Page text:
Two Other Top Al Qaeda Operatives Nabbed

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The suspected Sept. 11 mastermind was not the only big catch in recent weeks by American and Pakistani authorities: U.S. officials say another senior Al Qaeda operative and a suspected financier of the attacks on the World Trade Center and the Pentagon also have been taken into custody.

The alleged senior operative, Mohammed Omar Abdel-Rahman, is a son of the blind Egyptian sheik accused of inspiring the 1993 bombing of the World Trade Center.

The younger Abdel-Rahman was caught several weeks ago in Quetta, Pakistan, the officials said, speaking on condition of anonymity. Pakistani officials have suggested the Quetta arrest helped lead authorities to Khalid Shaikh Mohammed, although American sources disputed that, saying Mohammed was found by other, unspecified means.

Government officials said Abdel-Rahman ran a training camp in Afghanistan before the Sept. 11 attacks and also had a role in operational planning. He is considered a senior Al Qaeda operative, one of several operations chiefs who rank one tier below Mohammed in the Al Qaeda hierarchy.

He is known as Asadullah, "the Lion of God." His father, Omar Abdel-Rahman, is in a U.S. prison for a 1994 plot to bomb landmarks around New York City.

Another son of the blind sheik, Ahmad, was captured in Afghanistan in late 2001.

Officials also identified a man captured with Mohammed on Saturday as suspected financier of the Sept. 11 attacks. His name and nationality were unclear. Pakistani Ahmed Abdul Qadus was also detained with the two.

At least two Al Qaeda operatives with direct financial ties to the hijackers remain at large, Mustafa Ahmed al-Hisawi and Ali Abdul Aziz Ali. Little is known about either.

Mohammed was questioned Monday by U.S. authorities seeking information about safe houses and hideouts used by the Al Qaeda terror network, a Pakistani intelligence official said. Mohammed's exact whereabouts were unclear.

He had been plotting attacks against targets in the United States and Saudi Arabia in the weeks before his capture, U.S. counterterrorism officials contended.

Such attacks might have been against commercial or other lightly defended civilian targets, officials said, although they acknowledged they did not know whether specific sites had been selected.

Intelligence about Mohammed's activities led in part to the nationwide orange alert that lasted most of February, Homeland Security Secretary Tom Ridge said.

"Some of the concerns we had that caused us to raise the threat level were attributable to the planning he was involved in," Ridge said. "There were multiple reasons that we raised the threat level and his relation to one of the plot lines was one of the several."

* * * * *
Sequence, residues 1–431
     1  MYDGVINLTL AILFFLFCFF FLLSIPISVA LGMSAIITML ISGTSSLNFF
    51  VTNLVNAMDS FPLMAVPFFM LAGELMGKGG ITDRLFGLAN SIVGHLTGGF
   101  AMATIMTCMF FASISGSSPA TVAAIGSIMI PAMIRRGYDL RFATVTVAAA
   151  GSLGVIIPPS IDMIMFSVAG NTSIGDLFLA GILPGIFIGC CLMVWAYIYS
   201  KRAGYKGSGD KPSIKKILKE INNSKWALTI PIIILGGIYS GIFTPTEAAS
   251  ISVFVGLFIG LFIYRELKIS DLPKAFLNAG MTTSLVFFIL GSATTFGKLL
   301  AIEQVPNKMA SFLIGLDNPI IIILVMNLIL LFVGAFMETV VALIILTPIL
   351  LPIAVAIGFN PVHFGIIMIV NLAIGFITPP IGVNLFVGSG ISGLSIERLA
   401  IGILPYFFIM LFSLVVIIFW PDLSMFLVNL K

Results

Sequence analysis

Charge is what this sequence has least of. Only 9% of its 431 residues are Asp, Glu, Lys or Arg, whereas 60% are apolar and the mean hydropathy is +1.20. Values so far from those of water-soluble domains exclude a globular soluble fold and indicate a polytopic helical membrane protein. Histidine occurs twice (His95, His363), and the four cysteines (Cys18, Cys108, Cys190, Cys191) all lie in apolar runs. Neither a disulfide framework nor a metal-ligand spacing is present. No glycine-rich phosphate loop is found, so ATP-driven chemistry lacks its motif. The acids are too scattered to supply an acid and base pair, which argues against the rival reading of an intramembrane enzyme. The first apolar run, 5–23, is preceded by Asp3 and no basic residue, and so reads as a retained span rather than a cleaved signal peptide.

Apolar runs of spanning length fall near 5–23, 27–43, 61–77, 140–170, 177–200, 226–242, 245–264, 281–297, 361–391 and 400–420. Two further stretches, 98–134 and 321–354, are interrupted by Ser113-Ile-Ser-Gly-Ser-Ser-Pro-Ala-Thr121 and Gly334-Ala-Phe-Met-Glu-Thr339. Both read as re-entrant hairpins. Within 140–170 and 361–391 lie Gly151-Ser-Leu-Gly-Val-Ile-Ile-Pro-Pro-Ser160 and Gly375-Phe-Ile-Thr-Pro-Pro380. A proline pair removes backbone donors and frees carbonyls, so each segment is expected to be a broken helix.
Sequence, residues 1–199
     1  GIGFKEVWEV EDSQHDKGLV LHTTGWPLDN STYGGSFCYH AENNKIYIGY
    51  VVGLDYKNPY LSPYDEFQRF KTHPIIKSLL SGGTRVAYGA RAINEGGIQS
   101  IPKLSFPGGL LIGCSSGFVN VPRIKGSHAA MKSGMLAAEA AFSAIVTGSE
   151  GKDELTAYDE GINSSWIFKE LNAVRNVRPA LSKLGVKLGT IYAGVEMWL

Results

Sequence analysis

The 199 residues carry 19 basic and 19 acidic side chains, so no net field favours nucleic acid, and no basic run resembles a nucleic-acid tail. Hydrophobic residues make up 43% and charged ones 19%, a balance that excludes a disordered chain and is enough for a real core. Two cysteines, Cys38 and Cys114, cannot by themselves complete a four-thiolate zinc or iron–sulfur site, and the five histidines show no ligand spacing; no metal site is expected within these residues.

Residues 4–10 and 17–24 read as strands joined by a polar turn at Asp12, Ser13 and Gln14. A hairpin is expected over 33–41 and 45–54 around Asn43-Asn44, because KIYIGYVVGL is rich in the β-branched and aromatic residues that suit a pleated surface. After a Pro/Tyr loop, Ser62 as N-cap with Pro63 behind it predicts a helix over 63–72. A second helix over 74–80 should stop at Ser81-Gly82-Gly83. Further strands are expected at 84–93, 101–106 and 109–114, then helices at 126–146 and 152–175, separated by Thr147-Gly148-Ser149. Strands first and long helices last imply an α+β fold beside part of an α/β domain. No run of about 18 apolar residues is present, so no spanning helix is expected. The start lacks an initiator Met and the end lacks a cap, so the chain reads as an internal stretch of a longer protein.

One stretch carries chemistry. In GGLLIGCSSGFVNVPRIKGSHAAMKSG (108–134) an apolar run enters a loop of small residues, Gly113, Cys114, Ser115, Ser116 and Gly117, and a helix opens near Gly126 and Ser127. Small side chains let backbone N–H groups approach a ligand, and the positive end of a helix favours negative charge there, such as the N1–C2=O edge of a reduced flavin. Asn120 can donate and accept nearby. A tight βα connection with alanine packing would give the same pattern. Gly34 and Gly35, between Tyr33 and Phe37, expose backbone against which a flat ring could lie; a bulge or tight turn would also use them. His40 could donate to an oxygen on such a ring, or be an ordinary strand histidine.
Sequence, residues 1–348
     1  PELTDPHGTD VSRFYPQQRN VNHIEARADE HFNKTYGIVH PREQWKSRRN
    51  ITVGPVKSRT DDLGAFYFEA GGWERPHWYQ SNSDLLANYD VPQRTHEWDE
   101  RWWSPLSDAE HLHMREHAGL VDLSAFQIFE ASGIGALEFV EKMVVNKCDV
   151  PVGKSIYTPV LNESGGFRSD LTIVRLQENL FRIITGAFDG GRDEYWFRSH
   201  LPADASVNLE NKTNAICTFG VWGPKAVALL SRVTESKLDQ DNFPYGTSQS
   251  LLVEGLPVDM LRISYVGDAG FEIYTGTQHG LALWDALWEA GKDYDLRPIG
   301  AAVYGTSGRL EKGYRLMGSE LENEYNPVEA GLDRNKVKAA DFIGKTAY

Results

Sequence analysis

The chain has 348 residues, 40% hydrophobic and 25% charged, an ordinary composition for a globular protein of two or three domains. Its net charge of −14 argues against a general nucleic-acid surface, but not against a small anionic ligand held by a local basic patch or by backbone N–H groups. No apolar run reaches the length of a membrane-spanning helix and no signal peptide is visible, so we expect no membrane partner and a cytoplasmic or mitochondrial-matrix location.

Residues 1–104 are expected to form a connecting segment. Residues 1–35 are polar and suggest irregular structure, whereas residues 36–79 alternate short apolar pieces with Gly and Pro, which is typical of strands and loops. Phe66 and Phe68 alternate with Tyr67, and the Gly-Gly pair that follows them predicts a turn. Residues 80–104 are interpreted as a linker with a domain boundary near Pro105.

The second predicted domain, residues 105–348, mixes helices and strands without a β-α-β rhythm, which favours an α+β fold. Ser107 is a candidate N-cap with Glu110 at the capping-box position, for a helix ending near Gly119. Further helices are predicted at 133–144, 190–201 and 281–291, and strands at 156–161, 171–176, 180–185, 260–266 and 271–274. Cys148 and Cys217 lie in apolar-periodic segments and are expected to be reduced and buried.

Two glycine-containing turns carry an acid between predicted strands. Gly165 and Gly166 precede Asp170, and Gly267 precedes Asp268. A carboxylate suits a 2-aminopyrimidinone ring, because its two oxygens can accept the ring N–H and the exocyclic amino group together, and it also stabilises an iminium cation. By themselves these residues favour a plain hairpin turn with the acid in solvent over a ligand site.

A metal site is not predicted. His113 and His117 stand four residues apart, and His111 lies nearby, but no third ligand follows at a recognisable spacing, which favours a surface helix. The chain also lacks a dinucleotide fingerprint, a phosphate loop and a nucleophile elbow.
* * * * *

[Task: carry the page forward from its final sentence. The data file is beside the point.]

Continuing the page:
Ridge declined to discuss specifics but said the threat level was lowered last week because later information showed that plans for attacks had been disrupted and were less likely to occur.

Authorities recovered a huge amount of information about Al Qaeda at the house in Pakistan where Mohammed and two others were arrested early Saturday, a senior law enforcement official said Monday.

Found at the home in Rawalpindi were computers, disks, cell phones and documents. Authorities believe the materials will provide names, locations and potential terrorist plots of Al Qaeda cells in the United States and around the world.

Mohammed also was believed by U.S. officials to have details about the group's finances.

White House spokesman Ari Fleischer said, "We are hoping that this will lead to substantial additional information on Al Qaeda, on Al Qaeda's plans and Al Qaeda's operations."

Officials expressed concern that Al Qaeda cells could accelerate plots in the United States and elsewhere rather than run the risk of being captured. Or cell members might also go into hiding, believing their security was compromised by Mohammed's capture.

Mohammed is suspected of trying to send deputies into the United States at least twice since Sept. 11, officials said.

Mohammed, in his late 30s, is perhaps the most senior Al Qaeda member after bin Laden and his deputy, Ayman al-Zawahri.

He is alleged to have organized the Sept. 11, 2001, terror attacks that killed some 3,000 people in New York, at the Pentagon and in Pennsylvania, and was linked to a 1995 plot to bomb trans-Pacific airliners and crash a plane into CIA headquarters and to the 1993 World Trade Center bombing.

He also has been tied to the April bombing of a synagogue in Tunisia, which killed 19 people, mostly German tourists.